sub _is_fh
{
    my $file = shift;
    my $is_fh = 0;

    eval
    {
        # TODO: Does this work with Perl 5.005, 5.6.x?
        # Relies on autovivification of filehandles?
        $is_fh = 1 if ($file->isa('IO::Handle'));

        # TODO: Does this work with Perl 5.005, 5.6.x?
        # Better solution for detecting a file handle?
        $is_fh = 1 if (openhandle($file));
    };

    return $is_fh;
}

=item getfattr([$filename | $filehandle], $attrname, [\%flags])

Return the value of the attribute named C<$attrname>
for the file named C<$filename> or referenced by the open filehandle
C<$filehandle> (which should be an IO::Handle or subclass thereof).

If no attribute is found, returns C<undef>. Otherwise gives a warning.

=cut

sub getfattr
{
    my $file = shift;

    return _is_fh($file)
        # File handle
        ? _fgetfattr($file->fileno(), @_)
        # Filename
        : _getfattr($file, @_);
}

=item setfattr([$filename | $filehandle], $attrname, $attrval, [\%flags])

Set the attribute named C<$attrname> with the value C<$attrval>
for the file named C<$filename> or referenced by the open filehandle
C<$filehandle> (which should be an IO::Handle or subclass thereof).

C<%flags> allows control of whether the attribute should be created
or should replace an existing attribute's value. If the key C<create>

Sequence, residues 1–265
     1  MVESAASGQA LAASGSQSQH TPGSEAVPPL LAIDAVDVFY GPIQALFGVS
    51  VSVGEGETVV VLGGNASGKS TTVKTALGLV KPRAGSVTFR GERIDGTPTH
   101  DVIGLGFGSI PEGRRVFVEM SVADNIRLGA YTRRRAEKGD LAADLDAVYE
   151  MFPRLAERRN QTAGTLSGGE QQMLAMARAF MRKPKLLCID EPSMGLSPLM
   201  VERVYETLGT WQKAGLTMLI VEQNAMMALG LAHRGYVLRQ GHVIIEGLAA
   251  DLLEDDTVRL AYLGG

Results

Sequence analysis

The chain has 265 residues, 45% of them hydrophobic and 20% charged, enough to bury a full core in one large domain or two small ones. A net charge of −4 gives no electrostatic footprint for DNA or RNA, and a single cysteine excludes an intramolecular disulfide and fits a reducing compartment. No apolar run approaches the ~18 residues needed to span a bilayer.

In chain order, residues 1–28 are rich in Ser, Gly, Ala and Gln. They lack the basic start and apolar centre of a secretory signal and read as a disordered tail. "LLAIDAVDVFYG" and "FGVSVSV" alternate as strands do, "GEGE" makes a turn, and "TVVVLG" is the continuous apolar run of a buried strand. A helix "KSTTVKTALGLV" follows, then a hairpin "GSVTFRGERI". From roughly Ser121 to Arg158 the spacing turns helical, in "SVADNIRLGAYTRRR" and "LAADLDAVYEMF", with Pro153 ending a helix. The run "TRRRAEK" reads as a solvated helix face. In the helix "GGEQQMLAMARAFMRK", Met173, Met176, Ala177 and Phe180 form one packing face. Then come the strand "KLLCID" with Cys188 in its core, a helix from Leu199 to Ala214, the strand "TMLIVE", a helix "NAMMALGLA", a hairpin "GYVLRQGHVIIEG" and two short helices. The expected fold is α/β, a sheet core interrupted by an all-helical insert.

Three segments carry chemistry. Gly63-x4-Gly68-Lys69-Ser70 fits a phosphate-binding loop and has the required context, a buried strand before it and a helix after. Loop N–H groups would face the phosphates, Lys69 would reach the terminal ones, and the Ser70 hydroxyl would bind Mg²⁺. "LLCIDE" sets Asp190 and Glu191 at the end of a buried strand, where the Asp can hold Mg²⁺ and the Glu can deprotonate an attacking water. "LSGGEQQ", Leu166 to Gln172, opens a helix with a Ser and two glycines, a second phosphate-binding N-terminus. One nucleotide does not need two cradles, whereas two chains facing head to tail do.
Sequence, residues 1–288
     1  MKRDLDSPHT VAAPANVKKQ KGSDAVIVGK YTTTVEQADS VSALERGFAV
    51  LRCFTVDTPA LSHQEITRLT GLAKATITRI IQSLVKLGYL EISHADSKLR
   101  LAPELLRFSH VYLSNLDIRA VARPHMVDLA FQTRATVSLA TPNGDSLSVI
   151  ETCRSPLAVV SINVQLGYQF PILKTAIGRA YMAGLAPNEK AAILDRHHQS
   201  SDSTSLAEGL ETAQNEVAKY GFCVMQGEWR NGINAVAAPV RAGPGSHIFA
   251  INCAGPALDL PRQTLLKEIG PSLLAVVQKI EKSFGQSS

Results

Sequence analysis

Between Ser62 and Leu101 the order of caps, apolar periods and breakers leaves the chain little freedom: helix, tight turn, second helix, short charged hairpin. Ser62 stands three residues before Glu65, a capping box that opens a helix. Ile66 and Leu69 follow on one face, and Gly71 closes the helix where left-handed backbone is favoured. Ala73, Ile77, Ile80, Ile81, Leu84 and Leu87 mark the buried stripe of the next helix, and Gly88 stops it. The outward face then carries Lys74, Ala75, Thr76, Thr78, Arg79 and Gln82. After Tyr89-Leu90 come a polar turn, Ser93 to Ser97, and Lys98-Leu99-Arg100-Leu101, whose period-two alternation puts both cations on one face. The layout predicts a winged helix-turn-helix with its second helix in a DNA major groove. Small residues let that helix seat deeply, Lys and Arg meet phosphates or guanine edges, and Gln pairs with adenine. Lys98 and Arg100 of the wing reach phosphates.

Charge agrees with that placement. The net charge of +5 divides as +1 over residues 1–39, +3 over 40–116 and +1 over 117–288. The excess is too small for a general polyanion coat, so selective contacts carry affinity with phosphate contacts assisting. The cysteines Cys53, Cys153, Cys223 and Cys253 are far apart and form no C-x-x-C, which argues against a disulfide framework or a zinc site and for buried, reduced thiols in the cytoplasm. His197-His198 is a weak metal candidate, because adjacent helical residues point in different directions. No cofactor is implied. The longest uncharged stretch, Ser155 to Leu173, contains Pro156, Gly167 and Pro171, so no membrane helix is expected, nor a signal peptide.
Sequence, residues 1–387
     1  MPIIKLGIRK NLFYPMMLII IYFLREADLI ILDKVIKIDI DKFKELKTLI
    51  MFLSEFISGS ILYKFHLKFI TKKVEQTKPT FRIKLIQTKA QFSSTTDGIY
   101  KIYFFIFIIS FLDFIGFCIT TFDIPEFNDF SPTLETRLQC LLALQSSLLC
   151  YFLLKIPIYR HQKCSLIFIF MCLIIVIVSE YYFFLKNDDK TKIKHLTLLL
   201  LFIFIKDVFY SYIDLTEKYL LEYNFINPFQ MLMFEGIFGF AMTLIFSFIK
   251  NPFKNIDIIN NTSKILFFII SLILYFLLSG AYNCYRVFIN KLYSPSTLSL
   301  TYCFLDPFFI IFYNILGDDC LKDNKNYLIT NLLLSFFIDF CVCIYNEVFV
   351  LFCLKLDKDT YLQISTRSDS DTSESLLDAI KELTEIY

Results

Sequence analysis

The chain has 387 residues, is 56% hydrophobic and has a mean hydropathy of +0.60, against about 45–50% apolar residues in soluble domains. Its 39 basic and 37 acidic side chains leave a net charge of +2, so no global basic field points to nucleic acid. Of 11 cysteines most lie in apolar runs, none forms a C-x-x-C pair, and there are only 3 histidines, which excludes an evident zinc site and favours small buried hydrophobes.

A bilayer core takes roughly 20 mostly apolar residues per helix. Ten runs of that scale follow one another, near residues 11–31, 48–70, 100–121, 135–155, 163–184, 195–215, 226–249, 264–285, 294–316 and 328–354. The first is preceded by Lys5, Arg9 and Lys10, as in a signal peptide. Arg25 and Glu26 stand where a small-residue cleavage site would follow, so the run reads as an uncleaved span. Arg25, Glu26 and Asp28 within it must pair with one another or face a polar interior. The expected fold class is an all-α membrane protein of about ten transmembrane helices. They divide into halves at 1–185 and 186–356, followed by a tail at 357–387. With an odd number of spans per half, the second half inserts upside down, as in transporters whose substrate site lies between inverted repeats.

is true, setfattr will fail if the attribute already exists. If the key
C<replace> is true, setfattr will fail if the attribute
does not already exist. If neither is specified, then the attribute
will be created (if necessary) or silently replaced.

If the attribute could not be set, a warning is issued.

Note that C<create> cannot be implemented in a race-free manner on *BSD.
If your code relies on the C<create> behaviour, it may be insecure on *BSD.

=cut

sub setfattr
{
    my ($file, $attrname, $attrval, $flagsref) = @_;

    die "Only one of the 'create' and 'replace' options can be passed to setfattr"
      if ($flagsref->{create} && $flagsref->{replace});

    return _is_fh($file)
        # File handle
        ? _fsetfattr($file->fileno(), $attrname, $attrval, $flagsref)
        # Filename
        : _setfattr($file, $attrname, $attrval, $flagsref);
}